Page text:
Shows that you can learn from being rewarded, or punished, both by it happening to yourself, and watching it happen to other people.
Definitions
Association
Link
between the
neutral stimulus
, and
unconditioned stimulus
, that makes the neutral stimulus cause the
same response
.
When a conditioned response is produced to stimuli that are
similar
to the conditioned stimulus.
Phobia
An intense fear that prevents 'normal living' in some way.
Extinction
Loss of a classically conditioned response, when the conditioned stimulus is repeated
many times without
the unconditioned stimulus.
Generalisation
Preparedness
Tendency to lose some associations more
easily, quickly, and permanently that others.
What does that actually mean though?
It means that we are more likely to be scared of thunder, than sunshine; this is because evolution has
prepared
us to learn about threatening things.

Evidence for...
Biological factors that affect our development
Genes can control some physical features - many genes working together, not just a single one. -
Bullet point form
Environmental influences on our development - experiences, and opportunities
Social learning says that our behavior changed because we observe models in our environment - children hitting a doll, after copying the behavior of an adult
Social learning
, and
classical conditioning
are example of nurture.
Idea of
preparedness supports nature
, suggesting that a genetic influence on the kind of things we learn.
Bennett - Levy and Marteau
's study shows that more people are afraid of animals with certain characteristics; genes make more likely to fear these animals
because of evolution
.

Slater, and shield (1969)
found the identical twins were more similar in their phobias, then identical ones.
Evidence for Nurture Debate
Mineka et al
Found monkeys learn fears through social learning; monkeys, and people are similar, it is likely that we also learn fear.
Found that monkeys born in captivity
weren't
afraid of snakes; while ones in the wild
were
.
Thought the wild monkeys had the fear because they watched the adult monkeys be afraid of them.
Lab bred monkeys watched how the wild monkeys reacted to snakes, and learnt to be afraid of them.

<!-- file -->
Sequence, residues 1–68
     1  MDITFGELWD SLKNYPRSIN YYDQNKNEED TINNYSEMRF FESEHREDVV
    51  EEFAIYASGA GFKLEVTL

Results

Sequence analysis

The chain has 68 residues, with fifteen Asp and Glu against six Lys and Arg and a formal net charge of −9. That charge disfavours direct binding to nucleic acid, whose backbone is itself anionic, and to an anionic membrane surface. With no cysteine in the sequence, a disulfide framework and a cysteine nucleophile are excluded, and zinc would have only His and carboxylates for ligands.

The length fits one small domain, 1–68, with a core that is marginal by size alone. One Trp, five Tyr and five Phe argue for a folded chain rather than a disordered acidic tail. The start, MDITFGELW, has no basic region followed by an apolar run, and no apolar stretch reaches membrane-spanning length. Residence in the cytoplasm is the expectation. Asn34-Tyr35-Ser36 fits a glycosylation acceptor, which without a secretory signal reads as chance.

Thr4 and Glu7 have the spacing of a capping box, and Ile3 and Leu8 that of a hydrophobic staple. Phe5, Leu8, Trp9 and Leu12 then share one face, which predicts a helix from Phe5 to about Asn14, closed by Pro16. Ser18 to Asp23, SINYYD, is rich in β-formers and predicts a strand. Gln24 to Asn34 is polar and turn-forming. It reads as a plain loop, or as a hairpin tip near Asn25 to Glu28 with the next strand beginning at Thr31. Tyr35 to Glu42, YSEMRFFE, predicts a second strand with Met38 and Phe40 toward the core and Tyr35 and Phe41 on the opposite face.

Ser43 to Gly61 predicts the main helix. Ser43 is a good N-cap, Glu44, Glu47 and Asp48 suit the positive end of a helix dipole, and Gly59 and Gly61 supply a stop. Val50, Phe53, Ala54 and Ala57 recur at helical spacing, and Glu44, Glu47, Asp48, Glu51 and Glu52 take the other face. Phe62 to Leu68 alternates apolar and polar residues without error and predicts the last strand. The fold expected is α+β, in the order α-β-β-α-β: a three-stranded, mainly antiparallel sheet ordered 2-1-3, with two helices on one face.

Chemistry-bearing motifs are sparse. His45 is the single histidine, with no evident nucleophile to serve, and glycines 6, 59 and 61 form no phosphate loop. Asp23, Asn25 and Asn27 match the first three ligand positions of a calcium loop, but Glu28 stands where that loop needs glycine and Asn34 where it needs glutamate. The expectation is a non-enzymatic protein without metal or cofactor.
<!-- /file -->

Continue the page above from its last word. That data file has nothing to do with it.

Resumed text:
Watson, and Rayner (1920)
Used
classical conditioning
to make Albert frightened of a white rat; shows environment can cause phobias.
Each time a white rat was shown to Albert, a loud noise was produced.
Noise frightened him, and
associated
the fear with the white rat.
Fear
generalised
to other white, fluffy objects such as cotton wool, and Santa's beard.
Can be taught to have a phobia through social learning.
What does it tells us?
Both nature, and nurture seem to be as important as each other, and probably work together.
Parents may pass genes that make their children more likely to be scared of something.
Bennett-Levy, and Marteau (1984)
Was to see if we are
more afraid
of animals that:
move quickly
move suddenly
look very different from people
Used a questionnaire, and asked:
Questionnaire 1 - 30 men, and 34 woman
Questionnaire 2 - 24 men, and 25 woman
Found that overall:
were less likely to approach ugly or slimy, speedy, or sudden moving animals.
were more afraid of ugly, slimy, speed, and sudden moving animals.
Flooding
Bullet point form
Based on classical conditioning, and classed as being quite extreme.
Confronting fear directly
Based on principle of association; phobia to relaxation - lose anxiety
Forced into situation, exposing them to the fear; cannot escape it - very stressful
Not always considered to be very ethical, not many people would want this treatment.
Systematic desensitisation
Similar to flooding, but less stressful
Still exposed to fears, and the learn to relax - More gradual